Sources: Sen. Manny Villar’s baseline SALN, Vista Land & Lifescapes Inc. official website, Securities and Exchange Commission and Philippine Stock Exchange
MANILA, Philippines – Presidential aspirant Manuel Villar may have built his P25-billion wealth on providing low-cost homes, but the practices of acquiring properties where real estate projects now stand showed a pattern of deceipt and corruption.
How land was acquired in Norzagaray in Bulacan, Imus Estate in Cavite, and for the Portofino project in Alabang are case studies of this pattern.
Portofino, a flagship project of Britanny Corp., the Villar Group’s unit aimed at the luxury residential communities and upscale leisure developments, now sits on land meant for the poor.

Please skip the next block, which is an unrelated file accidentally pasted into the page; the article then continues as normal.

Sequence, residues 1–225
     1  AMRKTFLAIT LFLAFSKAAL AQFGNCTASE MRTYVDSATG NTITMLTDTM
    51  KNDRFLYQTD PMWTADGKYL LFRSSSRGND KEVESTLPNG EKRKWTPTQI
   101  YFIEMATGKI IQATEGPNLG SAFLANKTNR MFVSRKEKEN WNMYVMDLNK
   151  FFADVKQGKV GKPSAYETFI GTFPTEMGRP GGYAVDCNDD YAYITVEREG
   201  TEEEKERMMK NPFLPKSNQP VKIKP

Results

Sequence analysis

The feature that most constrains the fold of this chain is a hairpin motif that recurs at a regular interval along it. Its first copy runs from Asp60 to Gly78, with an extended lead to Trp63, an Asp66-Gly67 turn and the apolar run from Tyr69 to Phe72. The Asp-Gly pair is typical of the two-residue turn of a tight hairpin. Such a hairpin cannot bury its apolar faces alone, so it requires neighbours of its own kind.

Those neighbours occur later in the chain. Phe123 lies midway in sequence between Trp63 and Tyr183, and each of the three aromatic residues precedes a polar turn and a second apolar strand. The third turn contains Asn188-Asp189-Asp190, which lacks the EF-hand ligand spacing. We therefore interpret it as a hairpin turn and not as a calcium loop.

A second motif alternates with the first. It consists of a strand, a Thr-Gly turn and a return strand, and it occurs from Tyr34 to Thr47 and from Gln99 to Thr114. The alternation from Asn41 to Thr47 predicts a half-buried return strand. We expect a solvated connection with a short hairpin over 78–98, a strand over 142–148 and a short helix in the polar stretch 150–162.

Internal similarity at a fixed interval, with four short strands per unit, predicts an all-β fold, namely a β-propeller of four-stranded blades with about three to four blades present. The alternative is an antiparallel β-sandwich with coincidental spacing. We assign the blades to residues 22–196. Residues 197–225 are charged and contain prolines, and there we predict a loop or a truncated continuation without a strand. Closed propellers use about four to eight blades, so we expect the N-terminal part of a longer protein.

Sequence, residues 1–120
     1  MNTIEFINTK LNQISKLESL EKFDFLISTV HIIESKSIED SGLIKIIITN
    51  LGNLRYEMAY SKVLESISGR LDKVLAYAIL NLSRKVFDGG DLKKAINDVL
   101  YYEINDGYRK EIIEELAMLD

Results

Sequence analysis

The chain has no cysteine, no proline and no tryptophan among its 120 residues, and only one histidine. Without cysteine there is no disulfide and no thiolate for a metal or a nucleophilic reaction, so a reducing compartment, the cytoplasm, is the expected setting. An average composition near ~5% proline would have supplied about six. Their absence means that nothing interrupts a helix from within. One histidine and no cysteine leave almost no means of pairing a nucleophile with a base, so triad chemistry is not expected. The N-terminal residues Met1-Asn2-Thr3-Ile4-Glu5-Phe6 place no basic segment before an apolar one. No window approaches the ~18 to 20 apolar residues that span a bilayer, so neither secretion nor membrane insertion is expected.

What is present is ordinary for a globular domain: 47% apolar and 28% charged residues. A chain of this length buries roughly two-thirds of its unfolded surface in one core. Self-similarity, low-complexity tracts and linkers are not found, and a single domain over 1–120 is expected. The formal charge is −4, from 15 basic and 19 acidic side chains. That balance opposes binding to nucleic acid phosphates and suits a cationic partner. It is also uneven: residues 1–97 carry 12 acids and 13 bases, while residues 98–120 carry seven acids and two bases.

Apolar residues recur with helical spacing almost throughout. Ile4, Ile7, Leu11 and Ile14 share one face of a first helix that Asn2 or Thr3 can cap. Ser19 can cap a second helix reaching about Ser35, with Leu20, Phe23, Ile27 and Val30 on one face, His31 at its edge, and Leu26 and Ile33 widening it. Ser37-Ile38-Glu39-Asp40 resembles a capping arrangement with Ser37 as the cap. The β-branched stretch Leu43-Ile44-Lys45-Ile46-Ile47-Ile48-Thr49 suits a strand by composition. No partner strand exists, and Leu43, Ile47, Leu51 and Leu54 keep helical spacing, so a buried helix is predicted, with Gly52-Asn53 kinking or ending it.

Portofino was cited in a complaint by Restituto Mendoza, a former lawyer of the Villar Group, as one distinctive example of the corrupt practices of the group.
Mendoza, in a damning complaint before the National Labor Relations Commission (NLRC ), said the real estate businesses of Villar pull strings in government agencies—like the Registry of Deeds and Land Management Bureau, the Department of Natural and Environment Resources, the Bureau of Customs to judges and justices, including in the Office of the President—to get their way.
In an interview with Newsbreak last April 7 in Mandaluyong City, Villar’s chief legal officer Ma. Nalen Rosario-Galang vehemently denied Mendoza’s allegations.
She said Mendoza had sought to blackmail Villar and his companies with his allegations of corruption “after he got slighted when told of his poor performance as an employee.”